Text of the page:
Rubeosis iridis usually occurs secondary to decreased or absent retinal capillary perfusion (eg, diabetic retinopathy, central retinal vein occlusion, ocular ischemia). Clinical observations have established a relationship between retinal ischemia and ocular neovascularization, leading to the half-century-old hypothesis that factors produced by an ischemic retina stimulate local as well as distant blood vessel growth.1 However, it is not clear which aspect of ischemia (eg, reduced nutrient delivery, hypoxia, hypercapnia, increased metabolites) might lead to the production of an angiogenesis factor. We describe a unique case in which rubeosis iridis is seen as a consequence of systemic hypoxia/hypercapnia without retinal ischemia as part of the obesity-hypoventilation (pickwickian) syndrome.
A 36-year-old man was referred for evaluation of bilateral rubeosis iridis noted shortly (4 and 6 months) after uneventful bilateral cataract surgery. There was no ocular discomfort. Visual acuity was 20/25 OU. Pupillary border rubeosis was observed (Figure 1, A) and documented by iris angiography (Figure 1, B). Fundus examination showed dilated veins and rare intraretinal hemorrhages (Figure 2, A) with prompt perfusion by fundus fluorescein angiography (Figure 2, B). Intraocular pressure was 16 mm Hg in both eyes.
A, Iris photograph of the right eye at the time of presentation. B, Iris angiography discloses pupillary border rubeosis with diffuse fluorescein leakage in both eyes. C, Iris photograph of the right eye 3 weeks after initiation of medical treatment.
A, Fundus photographs at time of presentation are compatible with a dilated venous system (left, right eye; right, left eye). B, Intravenous fluorescein angiogram of the right eye at the initial visit discloses normal perfusion.
The patient was not receiving any systemic medications. He had been lethargic for a few years and worked as a truck driver until 6 months prior to cataract surgery.
Medical evaluation demonstrated obesity (weight, 152 kg [338 lb]), somnolence, right ventricular failure, polycythemia, arterial blood PO2 of 32 mm Hg (normal, 75-100 mm Hg), arterial blood PCO2 of 69 mm Hg (normal, 35-45 mm Hg), and sleep apnea, consistent with advanced obesity-hypoventilation (pickwickian) syndrome. The patient was admitted to Johns Hopkins Hospital (Baltimore, Md) and transferred to the intensive care unit for positive pressure oxygen delivery and monitoring of respiratory and cardiac status.
With treatment of the hypoxia and a 23-kg (51-lb) weight loss, the systemic condition improved, with PO2 increasing to 93 mm Hg. The rubeosis promptly involuted (Figure 1, C). Follow-up examination at 1, 3, and 6 months disclosed no recurrence of rubeosis.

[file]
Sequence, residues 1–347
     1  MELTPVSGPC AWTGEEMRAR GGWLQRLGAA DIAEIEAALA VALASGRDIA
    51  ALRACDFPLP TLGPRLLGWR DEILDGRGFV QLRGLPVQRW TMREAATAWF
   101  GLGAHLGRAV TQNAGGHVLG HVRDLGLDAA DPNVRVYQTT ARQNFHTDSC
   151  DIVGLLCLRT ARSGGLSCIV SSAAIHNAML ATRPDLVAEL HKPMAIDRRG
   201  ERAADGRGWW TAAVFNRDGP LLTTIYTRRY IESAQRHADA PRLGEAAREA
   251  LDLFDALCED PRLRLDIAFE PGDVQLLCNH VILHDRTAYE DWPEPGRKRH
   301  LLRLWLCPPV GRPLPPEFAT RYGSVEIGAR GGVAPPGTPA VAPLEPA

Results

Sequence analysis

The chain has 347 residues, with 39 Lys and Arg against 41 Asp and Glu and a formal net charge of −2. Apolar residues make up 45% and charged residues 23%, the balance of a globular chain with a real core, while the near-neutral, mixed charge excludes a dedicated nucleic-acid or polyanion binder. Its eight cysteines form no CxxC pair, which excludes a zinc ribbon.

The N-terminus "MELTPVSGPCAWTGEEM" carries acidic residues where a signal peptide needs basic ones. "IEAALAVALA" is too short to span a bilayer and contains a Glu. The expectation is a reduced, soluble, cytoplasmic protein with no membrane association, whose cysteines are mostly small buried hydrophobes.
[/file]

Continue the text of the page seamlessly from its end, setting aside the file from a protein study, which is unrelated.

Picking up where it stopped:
Since there was no demonstrable retinal ischemia (decreased or absent retinal capillary blood flow) in this case, it appears that hypoxia (reduced oxygen supply to a tissue that can occur in the presence of normal perfusion of the tissue by blood) and/or hypercapnia alone may induce angiogenesis. When rubeosis iridis is secondary to ischemia, management often involves treatment of the ischemic retina with panretinal photocoagulation. It is thought that less diffusible angiogenic factor is thereby released by the retina, with regression of rubeosis iridis. In this case, however, the rubeosis iridis resolved without photocoagulation, after systemic hypoxia/hypercapnia was corrected. Cataract surgery may have removed a barrier, facilitating forward diffusion of an angiogenic substance. The etiology of bilateral presenile cataracts in this patient remains unknown.
This case demonstrates that severe systemic hypoxia/hypercapnia may be associated with iris neovascularization, with complete resolution following correction of the conditions. The possible role of hypoxia in angiogenesis is supported by studies demonstrating hypoxic stimulation of the angiogenic factor VEGF (vascular endothelial growth factor) in cultured retinal cells2 and hypoxic down-regulation of PEDF (pigment epithelium–derived factor), an inhibitor of angiogenesis.3 Additionally, superoxia has been demonstrated to down-regulate VEGF levels in the ischemic primate retina.4 Hypercapnia, although less extensively studied, has been suggested by Holmes et al5 to play a direct role in neovascularization in a newborn rat model. Therapies targeted toward hypoxia/hypercapnia and their downstream mediators might therefore be effective in the treatment of neovascularization associated with ischemic ocular conditions.
Corresponding author: Elia J. Duh, MD, Maumenee 809, 600 N Wolfe St, Baltimore, MD 21287 (e-mail: email@example.com).
Duh EJ, Finkelstein D, Schneider T, Malouf A, Kaplan G. Bilateral Iris Neovascularization as the Initial Sign of Obesity-Hypoventilation (Pickwickian) Syndrome: Hypoxia/Hypercapnia as a Stimulus for Angiogenesis. Arch Ophthalmol. 2000;118(9):1296–1298. doi:
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